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I tagged along with a friend of mine Sanjev to the first Australian Lisk meetup at the University of Sydney a few days ago. I had heard of the basics of Lisk and read the whitepaper but getting in front of people and asking a whole bunch of questions meant that I could 10x my knowledge in 2 hrs rather than 2 days of reading. Daniel Vassilev is the Australian ambassador for Lisk and has spent some time in Berlin to discuss the future of the project and learn more about the team. There was an open bar tab and of course the obligatory pizza offering which always brings the crowd. In a nutshell, Lisk is a platform that has it’s own blockchain allowing anyone to create their own blockchain called a side chain and run their own applications. Blockchain designers and architectures can customise any facet of the blockchain such as the consensus algorithm, the confirmation time, create their own tokens, their own “ICO” and a whole bunch more. It is very flexible.   Lisk ICO’d last year in Feb for $5.7 million US and will release their SDK next month. They ICO’d at $0.07 and now its$5! Below […]
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Is there a right way or a wrong way to write ICO whitepapers?

October 24, 2017
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I’ll never forget the first whitepaper I read in the blockchain space. No chocolate fish for guessing which one. It was the Bitcoin whitepaper of course! I was procrastinating mainly because I was scared. Scared because the 9 pages felt like hieroglyphics. In the end I bit the bullet and when my daughter was born in September 2014 I took 4 weeks off to read the whitepaper that I had mentally prepared myself for. Oh, I also helped my wife out as well :). The 9 pages to 2 hours to read but 2 months to digest. I knew the words I was reading but couldn’t understand what I was reading. Fast forward 3 years and I never thought I would be reading 2-3 whitepapers a week. Anyone can read whitepapers and the average length these days ranges from 10-30 pages. They come in all shapes and sizes. There’s the traditional academic 1 or 2 column with an abstract whitepaper such as Siacoin, IOTA and Augur. These are characterised by including lots of mathematics and black print. Storj lived a little dangerously and added colour to the traditional academic paper. This was only to the diagrams though. Humaniq expanded on this and put […]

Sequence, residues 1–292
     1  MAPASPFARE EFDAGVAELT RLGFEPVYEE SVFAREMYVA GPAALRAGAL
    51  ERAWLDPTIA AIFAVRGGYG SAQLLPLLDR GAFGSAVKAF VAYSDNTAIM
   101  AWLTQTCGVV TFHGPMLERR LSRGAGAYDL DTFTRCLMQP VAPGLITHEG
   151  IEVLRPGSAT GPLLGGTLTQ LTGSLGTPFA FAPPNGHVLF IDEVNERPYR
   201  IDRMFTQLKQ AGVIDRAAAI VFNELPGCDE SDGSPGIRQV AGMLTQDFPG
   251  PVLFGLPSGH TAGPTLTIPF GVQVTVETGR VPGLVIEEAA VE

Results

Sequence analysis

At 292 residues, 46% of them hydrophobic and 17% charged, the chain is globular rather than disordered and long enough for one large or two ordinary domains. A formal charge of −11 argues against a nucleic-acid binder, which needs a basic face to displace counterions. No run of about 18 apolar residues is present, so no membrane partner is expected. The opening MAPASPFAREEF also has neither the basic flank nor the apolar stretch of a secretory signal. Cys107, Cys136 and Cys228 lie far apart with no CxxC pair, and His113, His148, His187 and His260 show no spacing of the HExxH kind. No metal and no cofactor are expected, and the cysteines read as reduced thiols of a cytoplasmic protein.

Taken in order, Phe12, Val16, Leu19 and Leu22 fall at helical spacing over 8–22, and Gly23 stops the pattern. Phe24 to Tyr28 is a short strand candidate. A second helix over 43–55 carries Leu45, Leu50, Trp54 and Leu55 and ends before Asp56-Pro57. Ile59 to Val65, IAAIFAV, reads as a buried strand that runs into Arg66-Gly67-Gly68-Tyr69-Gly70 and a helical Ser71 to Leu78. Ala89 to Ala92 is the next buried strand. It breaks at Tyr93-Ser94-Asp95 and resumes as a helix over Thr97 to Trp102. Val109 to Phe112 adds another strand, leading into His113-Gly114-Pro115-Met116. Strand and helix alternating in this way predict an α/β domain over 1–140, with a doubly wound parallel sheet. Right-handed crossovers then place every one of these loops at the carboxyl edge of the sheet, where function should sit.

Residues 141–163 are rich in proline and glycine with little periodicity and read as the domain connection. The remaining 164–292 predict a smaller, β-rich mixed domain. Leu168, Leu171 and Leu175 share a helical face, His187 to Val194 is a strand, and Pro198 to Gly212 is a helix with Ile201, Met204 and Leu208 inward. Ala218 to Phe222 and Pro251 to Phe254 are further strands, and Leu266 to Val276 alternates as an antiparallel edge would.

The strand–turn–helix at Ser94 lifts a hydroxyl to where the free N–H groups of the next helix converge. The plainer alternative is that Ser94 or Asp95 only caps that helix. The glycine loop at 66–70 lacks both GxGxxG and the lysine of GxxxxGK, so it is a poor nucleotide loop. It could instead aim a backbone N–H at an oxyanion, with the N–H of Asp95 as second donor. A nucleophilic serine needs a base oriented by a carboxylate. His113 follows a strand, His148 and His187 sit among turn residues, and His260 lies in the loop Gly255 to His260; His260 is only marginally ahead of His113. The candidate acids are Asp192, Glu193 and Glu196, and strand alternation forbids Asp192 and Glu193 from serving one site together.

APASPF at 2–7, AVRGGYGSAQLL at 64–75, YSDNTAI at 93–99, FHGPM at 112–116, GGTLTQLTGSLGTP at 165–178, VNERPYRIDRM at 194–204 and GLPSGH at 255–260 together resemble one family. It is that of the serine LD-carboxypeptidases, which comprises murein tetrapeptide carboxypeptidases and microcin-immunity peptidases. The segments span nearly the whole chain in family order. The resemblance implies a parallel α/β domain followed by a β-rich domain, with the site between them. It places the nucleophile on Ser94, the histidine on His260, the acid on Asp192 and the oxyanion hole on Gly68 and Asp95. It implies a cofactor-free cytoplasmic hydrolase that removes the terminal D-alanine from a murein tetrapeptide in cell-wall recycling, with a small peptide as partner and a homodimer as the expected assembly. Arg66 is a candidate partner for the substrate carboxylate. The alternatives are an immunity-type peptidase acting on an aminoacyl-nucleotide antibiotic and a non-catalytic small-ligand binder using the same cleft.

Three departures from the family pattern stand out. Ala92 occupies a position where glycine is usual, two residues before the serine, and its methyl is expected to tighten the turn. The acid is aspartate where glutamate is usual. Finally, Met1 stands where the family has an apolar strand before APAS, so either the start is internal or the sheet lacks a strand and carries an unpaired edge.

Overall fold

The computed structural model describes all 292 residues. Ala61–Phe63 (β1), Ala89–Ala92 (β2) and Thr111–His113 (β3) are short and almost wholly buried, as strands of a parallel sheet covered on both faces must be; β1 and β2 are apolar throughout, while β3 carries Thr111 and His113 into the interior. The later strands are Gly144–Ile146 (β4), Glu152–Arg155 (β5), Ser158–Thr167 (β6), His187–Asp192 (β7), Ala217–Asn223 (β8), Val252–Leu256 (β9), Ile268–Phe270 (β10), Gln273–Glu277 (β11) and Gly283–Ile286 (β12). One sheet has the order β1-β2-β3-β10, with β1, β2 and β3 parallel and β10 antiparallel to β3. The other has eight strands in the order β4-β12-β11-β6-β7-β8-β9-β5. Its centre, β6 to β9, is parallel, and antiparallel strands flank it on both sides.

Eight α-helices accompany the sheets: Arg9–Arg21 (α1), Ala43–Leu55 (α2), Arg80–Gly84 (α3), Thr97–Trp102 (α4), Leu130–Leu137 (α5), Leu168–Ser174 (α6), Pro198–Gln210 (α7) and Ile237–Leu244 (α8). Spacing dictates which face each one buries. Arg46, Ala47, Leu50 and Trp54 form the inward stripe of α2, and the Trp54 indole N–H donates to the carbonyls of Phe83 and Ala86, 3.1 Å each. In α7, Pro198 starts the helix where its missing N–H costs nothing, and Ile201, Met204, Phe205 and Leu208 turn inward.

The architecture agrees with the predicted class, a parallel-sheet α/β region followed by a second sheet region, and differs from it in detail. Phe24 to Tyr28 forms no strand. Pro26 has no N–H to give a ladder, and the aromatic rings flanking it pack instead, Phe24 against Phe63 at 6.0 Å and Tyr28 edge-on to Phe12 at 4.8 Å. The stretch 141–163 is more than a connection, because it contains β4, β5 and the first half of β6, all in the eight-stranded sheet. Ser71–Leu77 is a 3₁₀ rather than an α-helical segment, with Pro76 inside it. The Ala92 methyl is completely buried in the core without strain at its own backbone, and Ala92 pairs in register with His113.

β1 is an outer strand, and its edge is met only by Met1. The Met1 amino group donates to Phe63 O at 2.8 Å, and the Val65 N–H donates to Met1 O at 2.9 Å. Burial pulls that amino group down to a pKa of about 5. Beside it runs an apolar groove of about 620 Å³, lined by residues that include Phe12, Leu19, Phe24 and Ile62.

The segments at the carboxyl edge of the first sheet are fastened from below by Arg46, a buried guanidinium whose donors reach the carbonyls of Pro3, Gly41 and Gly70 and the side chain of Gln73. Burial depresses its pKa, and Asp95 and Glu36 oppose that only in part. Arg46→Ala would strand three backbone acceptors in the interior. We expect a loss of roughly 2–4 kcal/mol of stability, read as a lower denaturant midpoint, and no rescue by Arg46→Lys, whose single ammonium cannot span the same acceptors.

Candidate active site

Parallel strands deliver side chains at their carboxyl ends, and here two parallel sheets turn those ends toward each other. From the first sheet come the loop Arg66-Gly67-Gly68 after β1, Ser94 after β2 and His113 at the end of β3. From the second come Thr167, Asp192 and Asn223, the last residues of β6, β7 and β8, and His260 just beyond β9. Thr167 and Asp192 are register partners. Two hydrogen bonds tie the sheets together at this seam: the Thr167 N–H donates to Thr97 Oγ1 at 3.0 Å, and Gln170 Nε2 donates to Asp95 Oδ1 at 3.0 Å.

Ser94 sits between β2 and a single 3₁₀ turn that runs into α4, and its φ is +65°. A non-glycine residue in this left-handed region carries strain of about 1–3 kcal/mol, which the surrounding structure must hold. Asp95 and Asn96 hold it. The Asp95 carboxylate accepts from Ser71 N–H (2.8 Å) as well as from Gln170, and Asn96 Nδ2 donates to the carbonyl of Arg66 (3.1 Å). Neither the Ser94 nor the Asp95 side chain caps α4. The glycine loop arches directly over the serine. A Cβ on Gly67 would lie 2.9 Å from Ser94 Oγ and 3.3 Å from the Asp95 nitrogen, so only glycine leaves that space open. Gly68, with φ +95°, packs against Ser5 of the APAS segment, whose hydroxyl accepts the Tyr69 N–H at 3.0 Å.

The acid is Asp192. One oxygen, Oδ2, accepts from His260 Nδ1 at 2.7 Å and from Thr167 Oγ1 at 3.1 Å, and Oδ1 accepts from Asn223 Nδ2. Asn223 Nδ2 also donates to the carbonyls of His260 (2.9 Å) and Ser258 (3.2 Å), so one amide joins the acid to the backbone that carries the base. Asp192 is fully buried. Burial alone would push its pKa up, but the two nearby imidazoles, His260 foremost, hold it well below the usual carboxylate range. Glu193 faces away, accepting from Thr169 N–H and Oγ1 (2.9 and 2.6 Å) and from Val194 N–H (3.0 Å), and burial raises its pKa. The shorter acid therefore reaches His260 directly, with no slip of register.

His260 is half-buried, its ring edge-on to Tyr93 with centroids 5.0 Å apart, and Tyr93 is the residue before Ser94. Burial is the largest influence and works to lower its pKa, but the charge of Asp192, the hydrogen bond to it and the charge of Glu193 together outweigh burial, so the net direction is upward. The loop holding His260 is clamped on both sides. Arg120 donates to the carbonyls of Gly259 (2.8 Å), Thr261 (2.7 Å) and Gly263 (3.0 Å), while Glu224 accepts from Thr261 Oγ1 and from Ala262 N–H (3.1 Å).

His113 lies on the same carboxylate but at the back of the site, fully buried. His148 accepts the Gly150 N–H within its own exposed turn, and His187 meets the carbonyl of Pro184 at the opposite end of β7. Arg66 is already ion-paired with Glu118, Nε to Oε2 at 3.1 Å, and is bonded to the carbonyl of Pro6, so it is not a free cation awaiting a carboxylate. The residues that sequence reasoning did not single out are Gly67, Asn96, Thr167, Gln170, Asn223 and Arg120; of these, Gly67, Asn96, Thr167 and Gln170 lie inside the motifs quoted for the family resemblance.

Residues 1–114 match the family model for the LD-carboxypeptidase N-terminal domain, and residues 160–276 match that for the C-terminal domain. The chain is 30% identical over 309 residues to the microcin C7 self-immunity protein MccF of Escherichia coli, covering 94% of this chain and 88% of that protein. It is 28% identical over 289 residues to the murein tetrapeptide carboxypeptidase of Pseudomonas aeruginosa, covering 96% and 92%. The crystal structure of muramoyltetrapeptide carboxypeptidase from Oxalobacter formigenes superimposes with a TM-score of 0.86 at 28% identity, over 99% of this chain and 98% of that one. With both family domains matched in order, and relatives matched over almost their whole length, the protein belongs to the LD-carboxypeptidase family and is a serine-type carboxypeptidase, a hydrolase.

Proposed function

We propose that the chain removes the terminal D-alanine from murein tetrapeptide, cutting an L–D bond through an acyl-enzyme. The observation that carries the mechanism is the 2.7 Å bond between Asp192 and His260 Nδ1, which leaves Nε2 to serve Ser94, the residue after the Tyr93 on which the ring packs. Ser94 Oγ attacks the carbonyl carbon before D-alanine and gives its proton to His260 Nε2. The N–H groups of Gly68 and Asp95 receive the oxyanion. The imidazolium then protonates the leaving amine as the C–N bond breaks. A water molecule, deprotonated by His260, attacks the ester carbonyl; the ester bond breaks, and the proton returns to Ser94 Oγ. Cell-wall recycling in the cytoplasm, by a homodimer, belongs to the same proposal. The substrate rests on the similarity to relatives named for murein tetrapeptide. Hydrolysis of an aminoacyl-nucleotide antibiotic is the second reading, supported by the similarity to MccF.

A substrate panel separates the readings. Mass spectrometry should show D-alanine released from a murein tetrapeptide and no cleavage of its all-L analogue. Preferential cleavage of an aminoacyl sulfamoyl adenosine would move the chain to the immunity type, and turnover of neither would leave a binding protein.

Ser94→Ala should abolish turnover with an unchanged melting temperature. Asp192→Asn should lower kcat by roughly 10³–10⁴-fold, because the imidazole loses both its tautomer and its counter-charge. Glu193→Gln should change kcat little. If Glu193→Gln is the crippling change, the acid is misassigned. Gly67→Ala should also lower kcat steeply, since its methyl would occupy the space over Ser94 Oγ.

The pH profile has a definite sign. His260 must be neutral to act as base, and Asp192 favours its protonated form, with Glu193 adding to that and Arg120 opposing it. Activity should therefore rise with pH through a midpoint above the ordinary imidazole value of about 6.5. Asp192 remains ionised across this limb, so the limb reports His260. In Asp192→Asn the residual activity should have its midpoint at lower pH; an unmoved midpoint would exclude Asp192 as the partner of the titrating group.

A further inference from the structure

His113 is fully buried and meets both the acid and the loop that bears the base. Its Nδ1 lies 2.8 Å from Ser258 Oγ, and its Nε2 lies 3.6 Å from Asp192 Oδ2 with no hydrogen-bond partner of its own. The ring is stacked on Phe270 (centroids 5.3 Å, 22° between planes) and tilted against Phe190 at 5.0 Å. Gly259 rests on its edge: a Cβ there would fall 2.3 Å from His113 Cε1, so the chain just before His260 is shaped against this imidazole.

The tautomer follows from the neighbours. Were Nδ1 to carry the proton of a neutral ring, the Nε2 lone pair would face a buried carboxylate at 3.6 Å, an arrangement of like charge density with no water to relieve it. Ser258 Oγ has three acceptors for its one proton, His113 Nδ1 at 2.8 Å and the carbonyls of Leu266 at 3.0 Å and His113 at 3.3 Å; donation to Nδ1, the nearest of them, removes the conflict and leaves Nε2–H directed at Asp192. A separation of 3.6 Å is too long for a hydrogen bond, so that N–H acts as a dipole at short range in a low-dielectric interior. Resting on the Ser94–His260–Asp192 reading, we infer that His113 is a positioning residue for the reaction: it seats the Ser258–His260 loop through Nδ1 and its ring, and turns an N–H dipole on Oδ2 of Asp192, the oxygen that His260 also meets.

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Leemon Baird – Inventor of Hashgraph

October 23, 2017
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An interesting concept of achieving consensus. No blockchain is required. This is the second no blockchain concept I’ve come across. The first one being IOTA.  
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Sydney Around the Blockchain Showcase

October 19, 2017
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I had the opportunity to be part of the Sydney Spark Festival blockchain event that combined a showcase, a talk and a meetup all in 1 day from 2pm through to 8pm at a co-working space called the Fishburners. The showcase consisted of startups Bitfwd, Blueshyft, Block8, Dappbase, Devery, Flux, Incent sharing what they are doing in the blockchain space. At the same time upstairs were a range of talks on: Peerism: The Skill Token Economy for Post-capitalism – Nathan Waters ICOs and the Law – Hannah Glass Todd’s Crypto Bag of Tricks – Todd Byrne Pizza’s arrived at 6pm and let’s say there was enough to go around! The evening meetup was actually an ICO announcement of Solara. A sensor that will measure the amount of electrons generated from the sun and allow the owner to monetise it in siloed communities initially. They want to raise $15M from 100M tokens initially for phase 1. The vision is huge and will take 5-10 years to come to fruition but could be a game changer. The community is vibrant. There’s lots of innovation happening and there are seriously talented people around.
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Roger Ver , Max Keiser , Charles Hoskinson on Nexus Conference 2017

October 16, 2017
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Some good discussions and thoughts on all things crypto!  
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Wellington Blockchain Meetup Oct 2017

October 5, 2017